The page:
Extreme geophysical events and natural catastrophes pose great risks. To better assess and predict these while preserving computational efficiency, scientists require an accurate parametrization of weather and climate models. A new paper by Hu et al. investigates how two parametrizations perform in representing extreme events.
The researchers studied a conceptual, chaotic model of atmospheric dynamics representing three basic processes: advection, forcing and dissipation. They compared local and global observables extracted from the full data set with those extracted from two parametrizations. The Wilks parametrization aims at providing an optimal representation of typical events, while the Wouters-Lucarini parametrization uses a statistical mechanical approach that works out higher-order corrections to atmospheric variables, including extreme events.
Extreme events are very rare atmospheric occurrences that are represented on the tail ends of the observables’ distributions. By studying how well the two parametrizations represent these regions, scientists can determine how accurately the parametrizations represent extreme events.
“Parametrization schemes should be rigorously and specifically tested against their performance on extreme events,” said author Guannan Hu. “The way that a parametrization scheme is constructed influences the performance.”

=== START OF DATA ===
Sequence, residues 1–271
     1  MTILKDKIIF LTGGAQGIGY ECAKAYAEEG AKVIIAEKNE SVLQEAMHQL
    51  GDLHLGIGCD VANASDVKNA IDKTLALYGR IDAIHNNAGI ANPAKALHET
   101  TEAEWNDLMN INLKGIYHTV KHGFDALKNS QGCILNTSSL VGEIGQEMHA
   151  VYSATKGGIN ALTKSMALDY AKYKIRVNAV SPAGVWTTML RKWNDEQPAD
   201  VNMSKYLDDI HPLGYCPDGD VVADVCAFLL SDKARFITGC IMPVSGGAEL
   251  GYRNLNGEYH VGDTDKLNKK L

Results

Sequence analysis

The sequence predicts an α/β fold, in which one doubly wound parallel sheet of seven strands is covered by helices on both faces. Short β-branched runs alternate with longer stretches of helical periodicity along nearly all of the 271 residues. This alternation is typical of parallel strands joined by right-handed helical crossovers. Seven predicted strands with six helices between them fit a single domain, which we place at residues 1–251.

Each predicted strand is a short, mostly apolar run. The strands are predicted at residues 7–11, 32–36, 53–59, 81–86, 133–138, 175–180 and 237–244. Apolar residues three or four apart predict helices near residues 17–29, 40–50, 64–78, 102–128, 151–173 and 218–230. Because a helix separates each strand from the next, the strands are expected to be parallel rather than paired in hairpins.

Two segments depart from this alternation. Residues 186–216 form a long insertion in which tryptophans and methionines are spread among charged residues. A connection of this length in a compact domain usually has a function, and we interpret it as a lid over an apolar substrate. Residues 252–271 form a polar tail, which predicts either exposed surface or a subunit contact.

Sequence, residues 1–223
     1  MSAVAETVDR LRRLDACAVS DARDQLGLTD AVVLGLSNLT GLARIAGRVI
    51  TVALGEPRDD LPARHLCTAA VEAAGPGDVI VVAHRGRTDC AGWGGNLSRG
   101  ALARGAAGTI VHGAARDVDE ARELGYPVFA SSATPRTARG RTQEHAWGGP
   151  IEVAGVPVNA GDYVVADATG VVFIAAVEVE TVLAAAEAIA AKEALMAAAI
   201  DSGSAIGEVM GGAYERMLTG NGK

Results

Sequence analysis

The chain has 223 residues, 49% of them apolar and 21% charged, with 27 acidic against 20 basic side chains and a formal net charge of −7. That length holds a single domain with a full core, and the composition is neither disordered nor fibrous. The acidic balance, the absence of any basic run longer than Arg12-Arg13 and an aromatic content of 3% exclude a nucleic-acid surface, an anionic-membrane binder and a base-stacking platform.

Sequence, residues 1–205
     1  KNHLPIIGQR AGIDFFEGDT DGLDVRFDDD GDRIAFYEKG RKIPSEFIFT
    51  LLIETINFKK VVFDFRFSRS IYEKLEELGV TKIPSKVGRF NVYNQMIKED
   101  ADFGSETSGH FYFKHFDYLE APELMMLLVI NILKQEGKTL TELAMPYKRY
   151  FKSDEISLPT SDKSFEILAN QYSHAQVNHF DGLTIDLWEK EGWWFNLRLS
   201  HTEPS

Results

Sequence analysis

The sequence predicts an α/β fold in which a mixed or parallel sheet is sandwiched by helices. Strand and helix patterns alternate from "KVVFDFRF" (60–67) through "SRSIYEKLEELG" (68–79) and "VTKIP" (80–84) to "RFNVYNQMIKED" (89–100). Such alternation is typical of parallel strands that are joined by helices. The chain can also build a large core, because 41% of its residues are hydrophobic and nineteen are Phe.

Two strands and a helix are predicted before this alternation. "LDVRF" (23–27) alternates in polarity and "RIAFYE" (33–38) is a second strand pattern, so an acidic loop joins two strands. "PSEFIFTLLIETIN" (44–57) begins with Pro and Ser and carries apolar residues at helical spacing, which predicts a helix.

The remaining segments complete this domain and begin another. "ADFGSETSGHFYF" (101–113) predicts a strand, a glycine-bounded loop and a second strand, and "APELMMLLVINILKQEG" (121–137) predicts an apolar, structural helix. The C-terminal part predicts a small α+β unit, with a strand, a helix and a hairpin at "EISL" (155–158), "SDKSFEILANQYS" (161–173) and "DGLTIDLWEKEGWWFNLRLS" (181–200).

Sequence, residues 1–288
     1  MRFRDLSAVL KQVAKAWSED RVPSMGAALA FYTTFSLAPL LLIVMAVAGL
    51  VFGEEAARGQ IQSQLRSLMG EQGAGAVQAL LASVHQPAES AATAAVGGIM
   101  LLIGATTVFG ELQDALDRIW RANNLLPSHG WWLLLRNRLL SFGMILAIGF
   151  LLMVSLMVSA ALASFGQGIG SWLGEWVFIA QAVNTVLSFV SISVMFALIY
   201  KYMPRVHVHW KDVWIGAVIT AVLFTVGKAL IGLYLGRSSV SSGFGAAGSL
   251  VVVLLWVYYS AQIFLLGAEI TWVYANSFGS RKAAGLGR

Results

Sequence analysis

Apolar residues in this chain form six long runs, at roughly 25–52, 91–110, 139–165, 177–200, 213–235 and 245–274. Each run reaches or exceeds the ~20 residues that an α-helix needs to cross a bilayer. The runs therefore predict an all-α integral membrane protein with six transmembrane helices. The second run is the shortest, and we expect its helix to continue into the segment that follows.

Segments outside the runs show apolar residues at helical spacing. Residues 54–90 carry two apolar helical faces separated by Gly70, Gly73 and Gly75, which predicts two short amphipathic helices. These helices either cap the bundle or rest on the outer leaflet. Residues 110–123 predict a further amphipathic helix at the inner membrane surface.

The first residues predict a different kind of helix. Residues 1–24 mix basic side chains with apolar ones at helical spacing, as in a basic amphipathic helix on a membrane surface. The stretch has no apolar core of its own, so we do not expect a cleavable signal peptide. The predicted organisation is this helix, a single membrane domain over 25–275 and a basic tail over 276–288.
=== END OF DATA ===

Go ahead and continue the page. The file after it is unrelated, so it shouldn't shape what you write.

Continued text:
Previously, climate scientists regarded the Wilks parametrization as promising, but the authors found while the two parametrizations they studied are comparable in predicting typical events, this does not guarantee a good representation of rare events. In some cases, the Wouters-Lucarini parametrization performed better at reproducing extreme values.
“Under climate change, the frequency and the duration of extreme events are changing. The situation typically becomes worse with global warming,” said Hu. “Therefore, when we specifically want to predict extreme events or their statistics, we should consider a different parametrization.”
Source: “Effects of stochastic parametrization on extreme value statistics,” by Guannan Hu, Tamás Bódai, and Valerio Lucarini, Chaos: An Interdisciplinary Journal of Nonlinear Science (2019). The article can be accessed at https://doi.org/10.1063/1.5095756.